« PreviousContinue »
sectional animosity.-The geographical line in the Union.—How the differences
between North and South produced two distinct communities instead of rival parties
within one body politic.—The theory of a Political North and a Political Southam
Its early recognition in the Convention of 1787.—Declaration of Madison.—Mr.
Pinckney's remarks.—How the same theory was involved in the Constitution
The Treaty” clause between North and South.—The Union not the bond of diverse
States, but the rough companionship of two peoples.-Gen. Sullivan's complaint to
Washington.—The Slavery question, an incident of the sectional animosity
Not an independent controversy, or a moral dispute.--Political history of Negro
Slavery in the South.-How it become the subject of dispute.-The Hartford Con-
vention.—The Missouri Line, the preliminary trace of disunion.—Declaration of
Thomas Jefferson.—Why the North defamed “the peculiar institution" of the South.
-Great benefits of this institution, and its contributions to the world.—"Slavery,”
Ο Η Α Ρ Τ Ε R ΙΙΙ.
OIA PTER VI.
the Confederates. Influence of Virginia on the other Border States.—Replies of
these States to Lincoln's requisition for troops.—Secession of Tennessee, Arkansas,
and North Carolina.-Seizure of Federal forts in North Carolina.-Movements in
Virginia to secure the Gosport navy-yard and Harper's Ferry.—Their success.-
Burning of Federal ships.-Attitude of Maryland.—The Baltimore riot.-Chase of
Massachusetts soldiers.Excitement in Baltimore.-Timid action of the Maryland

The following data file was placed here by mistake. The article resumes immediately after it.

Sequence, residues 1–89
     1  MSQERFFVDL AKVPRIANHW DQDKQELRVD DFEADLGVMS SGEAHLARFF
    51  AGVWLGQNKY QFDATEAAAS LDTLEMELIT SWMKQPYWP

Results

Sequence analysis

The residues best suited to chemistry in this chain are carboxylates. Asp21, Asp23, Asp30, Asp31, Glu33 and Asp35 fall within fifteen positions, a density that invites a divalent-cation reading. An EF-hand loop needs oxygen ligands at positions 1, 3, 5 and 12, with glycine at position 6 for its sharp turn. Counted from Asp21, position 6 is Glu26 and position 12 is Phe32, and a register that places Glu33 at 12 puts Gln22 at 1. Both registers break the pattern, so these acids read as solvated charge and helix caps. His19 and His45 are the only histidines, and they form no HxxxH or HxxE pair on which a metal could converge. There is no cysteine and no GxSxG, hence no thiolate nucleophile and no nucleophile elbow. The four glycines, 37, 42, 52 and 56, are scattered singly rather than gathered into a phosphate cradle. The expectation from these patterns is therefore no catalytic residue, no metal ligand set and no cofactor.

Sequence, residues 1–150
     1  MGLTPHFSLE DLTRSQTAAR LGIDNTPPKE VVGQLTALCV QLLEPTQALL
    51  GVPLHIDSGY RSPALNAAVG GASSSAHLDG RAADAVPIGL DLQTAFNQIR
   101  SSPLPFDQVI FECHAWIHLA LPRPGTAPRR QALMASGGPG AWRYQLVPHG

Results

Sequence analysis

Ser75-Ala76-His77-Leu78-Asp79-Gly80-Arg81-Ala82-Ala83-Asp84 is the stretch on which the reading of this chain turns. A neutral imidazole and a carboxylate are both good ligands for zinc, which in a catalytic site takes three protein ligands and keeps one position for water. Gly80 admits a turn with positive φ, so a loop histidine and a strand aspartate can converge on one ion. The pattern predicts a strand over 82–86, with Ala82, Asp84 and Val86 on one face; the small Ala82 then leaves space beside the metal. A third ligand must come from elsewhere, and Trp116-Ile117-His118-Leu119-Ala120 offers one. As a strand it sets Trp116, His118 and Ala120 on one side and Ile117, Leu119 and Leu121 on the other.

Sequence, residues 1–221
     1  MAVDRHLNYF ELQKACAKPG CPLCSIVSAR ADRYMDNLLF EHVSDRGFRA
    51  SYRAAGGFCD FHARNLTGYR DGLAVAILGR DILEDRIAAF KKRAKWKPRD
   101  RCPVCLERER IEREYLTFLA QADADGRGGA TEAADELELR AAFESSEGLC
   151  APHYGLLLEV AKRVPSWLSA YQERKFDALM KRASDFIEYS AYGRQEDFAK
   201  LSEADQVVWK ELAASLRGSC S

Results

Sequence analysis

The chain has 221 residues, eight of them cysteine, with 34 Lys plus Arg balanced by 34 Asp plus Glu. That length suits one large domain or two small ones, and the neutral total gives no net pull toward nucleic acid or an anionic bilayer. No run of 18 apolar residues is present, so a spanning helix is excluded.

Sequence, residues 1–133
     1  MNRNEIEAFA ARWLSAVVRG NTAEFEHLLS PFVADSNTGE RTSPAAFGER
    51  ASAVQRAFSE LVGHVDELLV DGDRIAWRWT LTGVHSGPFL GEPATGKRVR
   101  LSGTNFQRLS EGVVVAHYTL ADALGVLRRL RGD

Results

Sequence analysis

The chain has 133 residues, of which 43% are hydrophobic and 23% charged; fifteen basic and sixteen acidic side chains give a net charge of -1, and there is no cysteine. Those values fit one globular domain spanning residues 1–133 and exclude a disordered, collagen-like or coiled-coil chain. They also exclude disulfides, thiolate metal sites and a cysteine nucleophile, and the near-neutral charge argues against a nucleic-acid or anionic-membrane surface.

Legislature.-Military despotism in Maryland. ---Arrests in Baltimore.-A Reign of
Terrour.—Light estimation of the war in the North. Why the Federal Government
sought to belittle the contest.—Lincoln's view of the war as a riot.Seward's
Letter to the European Governments.-Early action of England and France with
respect to the war.-Mr. Gregory's letter to the London Times.—Northern conceit
about the war.–Prophecies of Northern journals.-A “Three months' war.”—Ells-
worth and Billy Wilson.-Martial rage in the North.--Imperfect appreciation of the
Crisis in the South.—Early ideas of the war at Montgomery.-Secret history of the
Confederate Constitution.—Southern opinion of Yankee soldiers.- What was
CHAPTER I X.
The victory of Manassas, a misfortune for the Confederates.- Relaxation in Rich
mond.—Plotting among Confederate leaders for the Presidential succession,-
Beauregard's political letter.-Active and elastic spirit of the North.-Resolution
of the Federal Congress.—Energy of the Washington Administration. Its immense
preparations for the prosecution of the war.—The Missouri campaign. The politics
of Missouri.—Sterling Price and his party.-Imprudence and violence of the Federal
authorities in Missonri.—Correspondence between Gens. Price and Harney.—Gov.
Jackson's proclamation.—Military condition of Missouri.—Her heroic choice.-
Affair at Boonoville.---Composition of the patriot army of Missouri.—Engagement
at Carthage.-Confederate reinforcements under McCulloch.—Disagreement be-
tween Price and McCulloch.-Noble conduct of Price.-The Battle of Oak Hill.
McCulloch surprised.—A fierce fight.-Death of Gen. Lyon.—The Federals de-